Join Becky for a sneaky behind-the-scenes peek at our wet specimen collection.  Download our #MuseumMake craft activity and create your own ‘soggy specimen’ in a jar.

What is a wet specimen?

A wet specimen is a form of taxidermy.  It is a method of preserving the whole body of an animal by fixing it into a suspended state in a jar containing a liquid.  Each specimen has a label which records all the important information relating to the object inside the jar.  Details include where and when the specimen was found and whether male or female. Without their labels, specimens would be scientifically worthless.

Collectors and scientists have stored animals in ethanol-filled jars since the 17th century (1600s).  Many natural history museums across the world have built up large ‘wet’ collections which can be used for research by scientists.

How is a wet specimen made?

Specimens are first prepared by being injected and soaked in a fixative such as formalin or a high percentage ethanol. They are then bathed or rinsed before being placed into a jar containing a mixture of 70% alcohol and 30% water. This liquid protects the specimen from decay and makes them available for scientific research over a long time.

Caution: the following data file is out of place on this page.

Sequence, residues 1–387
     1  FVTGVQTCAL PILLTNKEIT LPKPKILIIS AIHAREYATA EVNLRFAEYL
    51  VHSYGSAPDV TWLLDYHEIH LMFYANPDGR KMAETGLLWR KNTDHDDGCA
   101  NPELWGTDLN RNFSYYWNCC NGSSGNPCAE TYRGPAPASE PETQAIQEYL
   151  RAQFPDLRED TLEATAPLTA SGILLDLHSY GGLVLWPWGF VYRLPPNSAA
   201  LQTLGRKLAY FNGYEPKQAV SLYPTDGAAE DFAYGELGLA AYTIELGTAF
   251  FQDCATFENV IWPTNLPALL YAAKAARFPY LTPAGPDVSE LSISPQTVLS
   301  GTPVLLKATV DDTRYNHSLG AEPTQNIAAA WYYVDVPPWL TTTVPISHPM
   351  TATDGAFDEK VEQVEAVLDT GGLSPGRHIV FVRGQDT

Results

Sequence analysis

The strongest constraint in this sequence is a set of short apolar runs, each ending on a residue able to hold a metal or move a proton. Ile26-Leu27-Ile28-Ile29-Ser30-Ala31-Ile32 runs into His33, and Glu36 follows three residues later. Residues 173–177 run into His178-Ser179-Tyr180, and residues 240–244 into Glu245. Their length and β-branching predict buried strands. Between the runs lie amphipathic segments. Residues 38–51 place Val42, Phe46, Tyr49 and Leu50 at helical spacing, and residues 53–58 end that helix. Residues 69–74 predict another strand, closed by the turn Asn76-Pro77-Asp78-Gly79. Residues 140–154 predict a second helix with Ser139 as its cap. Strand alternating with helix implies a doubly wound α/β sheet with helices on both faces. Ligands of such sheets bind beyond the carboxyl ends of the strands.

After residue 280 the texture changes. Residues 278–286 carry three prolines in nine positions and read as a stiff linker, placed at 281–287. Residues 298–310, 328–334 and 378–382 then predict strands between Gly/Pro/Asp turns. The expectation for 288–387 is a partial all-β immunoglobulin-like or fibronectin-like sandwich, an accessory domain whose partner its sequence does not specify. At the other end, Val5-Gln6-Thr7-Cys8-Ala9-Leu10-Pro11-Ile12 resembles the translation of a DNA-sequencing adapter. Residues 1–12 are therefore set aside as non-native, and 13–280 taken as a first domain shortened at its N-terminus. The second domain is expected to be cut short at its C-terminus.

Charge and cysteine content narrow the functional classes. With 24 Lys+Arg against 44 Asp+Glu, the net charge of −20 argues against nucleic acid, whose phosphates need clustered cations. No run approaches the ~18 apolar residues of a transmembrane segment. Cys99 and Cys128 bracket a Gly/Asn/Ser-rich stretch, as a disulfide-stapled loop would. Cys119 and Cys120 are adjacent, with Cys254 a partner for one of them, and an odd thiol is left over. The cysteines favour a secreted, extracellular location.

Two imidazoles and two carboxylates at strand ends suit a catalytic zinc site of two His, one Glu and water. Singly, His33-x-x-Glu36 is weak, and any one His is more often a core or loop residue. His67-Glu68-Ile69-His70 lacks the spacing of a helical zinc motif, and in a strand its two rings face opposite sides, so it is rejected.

In the past, formalin was used as a preserving liquid until it was recognised to be dangerous to health: it causes cancer. These days, although a less dangerous substance called ethanol is used, it has to be used very carefully as the substance is toxic to humans.  Also, ethanol contains 70% alcohol and is highly flammable so it must be stored very carefully to avoid collections going up in flames.

Why were wet specimens made?

Frederik Ruysch, who lived in The Netherlands in the 1600s, was a professor of botany and anatomy at the University of Amsterdam:  he studied plants and the human body. By creating wet specimens, he was able to improve his study of the human body and look more closely at muscle, tissue and blood vessels to discover causes of death and disease.

How are wet specimens used today?

Scientists can use wet specimens for study in many ways.  They are able to study preserved animals, collected hundreds of years ago, which are now extinct. This allows them to examine the way some species have evolved over time to cope with changes in habitat.

By studying changes in biodiversity and ecosystems over time, scientists can make predictions to help us preserve and conserve the world around us.

What next?

You could create your own soggy specimen with #MuseumMake.  Download the worksheet below.